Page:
Although Nettle often touched minds with me, and Dutiful sometimes, Chade seemed to have decided to set me free. And sometimes, at odd wakeful moments, I wondered if I was disappointed or relieved to be finally clear of the darker side of Farseer politics.
It is as I feared for young Lant. He is completely unsuitable for quiet work. When I first told him that I would be ending his apprenticeship and finding him a more suitable post, I was unprepared for how dramatically upset he would be. He begged both Rosemary and me to give him a second chance. Against my own better judgment, I agreed. I must be becoming both softer of heart and feebler of mind, for of course it was not a kindness. We continued to train him in the physical skills and the requisite knowledge. He is very nimble of finger and hand, excellent at sleight, but not as quick to remember the recipes that one must master for use in an instant. Still, I confess that I had hope that the lad would follow in my footsteps.
Rosemary had less doubt of him and proposed that we give him a challenge. I set him a theft, and he accomplished it. Rosemary proposed a minor poisoning. His target was but a guardsman. We told him the man had taken bribes and was actively spying for a Chalcedean nobleman. Nonetheless, over the course of three days and ample opportunities, Lant was unable to achieve his task. He returned to us shamed and despondent. He simply could not bring himself to end a life. I refrained from telling him that the “poison” was merely a finely ground spice and would have done the man no harm. I am glad we tested him on a subject that was not truly a threat to anyone.
The result is that Lant now realizes he is unsuited to this profession. He has, to my surprise, said that he does not mind if he cannot be my apprentice so long as he does not lose my friendship! And so, to ease his transition, I think I shall keep him here in Buckkeep for a time longer. I will see that he receives sufficient education to be a tutor, and weapons training that will fit him as a bodyguard as well.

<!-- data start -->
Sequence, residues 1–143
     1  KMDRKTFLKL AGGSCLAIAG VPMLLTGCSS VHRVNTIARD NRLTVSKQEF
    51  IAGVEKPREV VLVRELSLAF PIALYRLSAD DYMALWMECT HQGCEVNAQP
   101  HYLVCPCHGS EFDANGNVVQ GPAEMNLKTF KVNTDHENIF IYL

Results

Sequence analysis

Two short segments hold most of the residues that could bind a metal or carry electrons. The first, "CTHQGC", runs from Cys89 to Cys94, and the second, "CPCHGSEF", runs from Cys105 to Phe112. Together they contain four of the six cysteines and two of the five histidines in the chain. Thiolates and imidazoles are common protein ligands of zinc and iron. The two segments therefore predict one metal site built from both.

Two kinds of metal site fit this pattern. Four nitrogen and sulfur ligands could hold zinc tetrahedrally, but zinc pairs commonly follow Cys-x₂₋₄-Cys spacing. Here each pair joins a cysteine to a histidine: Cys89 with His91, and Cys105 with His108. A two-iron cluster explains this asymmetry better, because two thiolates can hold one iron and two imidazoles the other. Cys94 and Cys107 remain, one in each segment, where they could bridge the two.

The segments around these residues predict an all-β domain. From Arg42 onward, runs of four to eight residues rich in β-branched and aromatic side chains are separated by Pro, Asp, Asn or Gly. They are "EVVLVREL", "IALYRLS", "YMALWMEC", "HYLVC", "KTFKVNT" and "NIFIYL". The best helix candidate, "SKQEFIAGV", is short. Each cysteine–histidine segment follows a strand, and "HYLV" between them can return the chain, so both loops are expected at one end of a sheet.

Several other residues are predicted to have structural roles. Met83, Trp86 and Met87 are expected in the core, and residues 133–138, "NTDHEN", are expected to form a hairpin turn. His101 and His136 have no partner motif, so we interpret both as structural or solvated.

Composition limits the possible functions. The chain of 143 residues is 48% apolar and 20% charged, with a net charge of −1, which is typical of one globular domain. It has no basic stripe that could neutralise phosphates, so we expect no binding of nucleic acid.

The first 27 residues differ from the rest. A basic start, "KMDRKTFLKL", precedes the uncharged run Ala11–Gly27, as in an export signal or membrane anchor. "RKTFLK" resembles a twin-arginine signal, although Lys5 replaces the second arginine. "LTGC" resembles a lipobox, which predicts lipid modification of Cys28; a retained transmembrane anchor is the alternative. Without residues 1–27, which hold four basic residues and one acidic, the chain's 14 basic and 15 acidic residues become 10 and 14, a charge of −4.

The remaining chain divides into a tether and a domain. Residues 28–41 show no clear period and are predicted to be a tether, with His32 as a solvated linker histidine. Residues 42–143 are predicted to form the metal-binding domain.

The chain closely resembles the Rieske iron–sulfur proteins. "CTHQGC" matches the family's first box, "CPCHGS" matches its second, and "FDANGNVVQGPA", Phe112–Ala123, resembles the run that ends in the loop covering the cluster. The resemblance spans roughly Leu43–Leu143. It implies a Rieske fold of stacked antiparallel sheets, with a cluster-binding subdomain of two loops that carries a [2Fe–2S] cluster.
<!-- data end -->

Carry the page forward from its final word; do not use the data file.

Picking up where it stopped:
Only to you will I admit that I am sadly disappointed in him. I was so certain I had found a w
Unsigned and unaddressed scroll
Oh, the things we discover and the things we learn, much too late. Worse are the secrets that are not secrets, the sorrows we live with but do not admit to one another.
Bee was not the child we had both hoped for. I hid my disappointment from Molly, and I think she did the same for me. The slow months and then the year ticked past, and I saw little change in our daughter’s abilities. It aged Molly, taking a toll on both her body and her spirit as she allowed no one else to care for the child, and silently contained her growing sorrow. I wanted to help her, but the child clearly avoided my touch. For a time I sank into a darkness of spirit, losing appetite and the will to do anything. My days always seemed to end with thunderous headaches and a sour belly. I woke at night and could not find sleep again, only anxiety over the child. Our baby remained a baby, small and passive. Chade’s eagerness to plan for her education and eventual marriage became a sour-sweet memory. Once, there had been a time when we could hope for such things. But the passing year stole all such dreams from us.